No, dammit, he would not. He would not become the sort of man to harm weaker rivals over a woman.

He took a moment to clear his head, then asked, “Are you willing to stay on until I make decisions about Crag Wyvern, Mrs. Kerslake?”

He thought she would refuse, but then she said, “For a little while, my lord. I thought to begin the search for a replacement.”

“Very well, but there is no need to seek a highly qualified woman. I do not intend to live here. I have a home elsewhere, and a family well suited there.”

“A family?” The words were followed by a flush of color, and a quick, mortified lowering of her startled eyes.

He could have crowed with triumph. That had stung her.

By God,
did
she have hopes of entrancing him after all? He’d like to see her try.

Oh, yes, he’d very much like to see her try.

He’d also love to claim a wife and children and make her wounds bleed. If he’d a hope of maintaining the lie he might have done it, but it wouldn’t stick.

“My mother and two sisters,” he said. “They would not like to move here.” But then he realized he had one blade that might cut deeply. “Also, I am to marry. Lady Anne would not be comfortable here.”

You have a rival, Susan.

A serious rival.

What are you going to do about that?

He had met Lady Anne only a few times in London, then spent four days at her father’s home, Lea Park. Nothing was settled, but he was thinking of making an offer of marriage. It wasn’t an outright lie, and Lady Anne was too good a weapon to leave in the scabbard.

Susan was guarded now, however, and little showed, though her widened eyes gave him a bit of satisfaction.

“It is not good for a house to stand empty, my lord.”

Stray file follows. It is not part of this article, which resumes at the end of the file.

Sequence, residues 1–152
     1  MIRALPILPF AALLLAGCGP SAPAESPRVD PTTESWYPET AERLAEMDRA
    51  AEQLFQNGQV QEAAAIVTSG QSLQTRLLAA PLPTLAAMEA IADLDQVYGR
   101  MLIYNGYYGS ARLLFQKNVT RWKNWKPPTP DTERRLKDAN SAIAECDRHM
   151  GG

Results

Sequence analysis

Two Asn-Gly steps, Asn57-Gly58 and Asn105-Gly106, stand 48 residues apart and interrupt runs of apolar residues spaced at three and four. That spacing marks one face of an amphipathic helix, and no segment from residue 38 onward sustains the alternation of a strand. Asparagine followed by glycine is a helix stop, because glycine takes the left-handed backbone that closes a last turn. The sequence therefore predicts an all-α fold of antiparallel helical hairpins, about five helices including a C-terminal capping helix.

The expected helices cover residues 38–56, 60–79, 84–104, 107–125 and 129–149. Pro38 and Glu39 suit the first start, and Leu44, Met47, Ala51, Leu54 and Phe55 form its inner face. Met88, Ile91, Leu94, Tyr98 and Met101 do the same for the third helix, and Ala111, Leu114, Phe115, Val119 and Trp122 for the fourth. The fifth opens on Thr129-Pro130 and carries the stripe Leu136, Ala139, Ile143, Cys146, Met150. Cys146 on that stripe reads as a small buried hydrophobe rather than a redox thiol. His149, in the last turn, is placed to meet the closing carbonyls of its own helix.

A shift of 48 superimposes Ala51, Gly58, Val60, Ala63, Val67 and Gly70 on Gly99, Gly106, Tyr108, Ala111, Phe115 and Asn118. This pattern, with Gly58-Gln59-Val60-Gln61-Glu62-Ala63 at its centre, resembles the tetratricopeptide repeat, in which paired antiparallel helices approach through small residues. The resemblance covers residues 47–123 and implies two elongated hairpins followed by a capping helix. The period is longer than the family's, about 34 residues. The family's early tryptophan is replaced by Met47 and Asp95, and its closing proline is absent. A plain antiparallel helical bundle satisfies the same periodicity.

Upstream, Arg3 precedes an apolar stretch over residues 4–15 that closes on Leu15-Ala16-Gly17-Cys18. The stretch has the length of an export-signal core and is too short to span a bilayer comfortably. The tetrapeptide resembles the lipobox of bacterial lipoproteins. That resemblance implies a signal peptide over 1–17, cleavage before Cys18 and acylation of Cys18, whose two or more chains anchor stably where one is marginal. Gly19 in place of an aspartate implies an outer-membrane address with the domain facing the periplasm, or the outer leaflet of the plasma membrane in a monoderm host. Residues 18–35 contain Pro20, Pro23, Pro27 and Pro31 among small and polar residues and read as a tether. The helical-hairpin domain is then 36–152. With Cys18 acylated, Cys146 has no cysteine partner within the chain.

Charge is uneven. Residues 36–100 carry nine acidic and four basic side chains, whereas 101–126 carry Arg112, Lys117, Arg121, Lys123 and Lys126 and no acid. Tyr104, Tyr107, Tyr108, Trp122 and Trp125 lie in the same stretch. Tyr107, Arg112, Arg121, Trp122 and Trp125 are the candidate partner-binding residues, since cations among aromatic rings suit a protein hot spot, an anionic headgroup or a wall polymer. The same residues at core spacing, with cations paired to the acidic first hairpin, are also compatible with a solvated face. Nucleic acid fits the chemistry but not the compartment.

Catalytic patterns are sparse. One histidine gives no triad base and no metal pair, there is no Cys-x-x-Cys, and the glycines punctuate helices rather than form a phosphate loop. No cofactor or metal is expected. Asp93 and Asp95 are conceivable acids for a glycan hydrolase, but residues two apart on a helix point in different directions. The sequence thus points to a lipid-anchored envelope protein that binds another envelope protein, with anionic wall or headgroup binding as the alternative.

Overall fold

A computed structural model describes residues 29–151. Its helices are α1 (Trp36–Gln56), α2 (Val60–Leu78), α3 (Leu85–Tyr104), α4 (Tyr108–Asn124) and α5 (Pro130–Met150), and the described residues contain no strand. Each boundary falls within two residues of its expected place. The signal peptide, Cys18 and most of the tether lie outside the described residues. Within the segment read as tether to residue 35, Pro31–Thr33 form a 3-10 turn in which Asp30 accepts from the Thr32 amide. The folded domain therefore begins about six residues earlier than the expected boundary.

“I hardly think Crag Wyvern will appeal to many tenants.”

“Some people have unusual tastes, my lord,” she said with a slight, cool smile. “The earl had guests who liked Crag Wyvern very much indeed.”

The smile was an act of pure bravery that made him want to salute her.

Damnation, Susan. Why?

“Then please supply Mr. de Vere with their names, ma’am. They may have first refusal. I know that leaving the chief house empty is always an economic hardship to an area.”

Her brows rose, and her lips tightened, but it was a suppressed smile rather than annoyance, and it danced in her eyes.

“You’re thinking of smuggling,” he said. “Yes, at the moment the area is prospering from the Freetrade, but the end of the war is bringing hard times everywhere. On top of that, the army and navy have men to spare to patrol the coasts. That, I assume, is how your father was caught.”

Her smile fled. “Yes, though if the earl had raised a finger to help him, he’d not have been transported.”

“Remarkable that the mad earl for once did the right thing. The law is the law, and must be upheld.”

There, that was a clear enough message for her.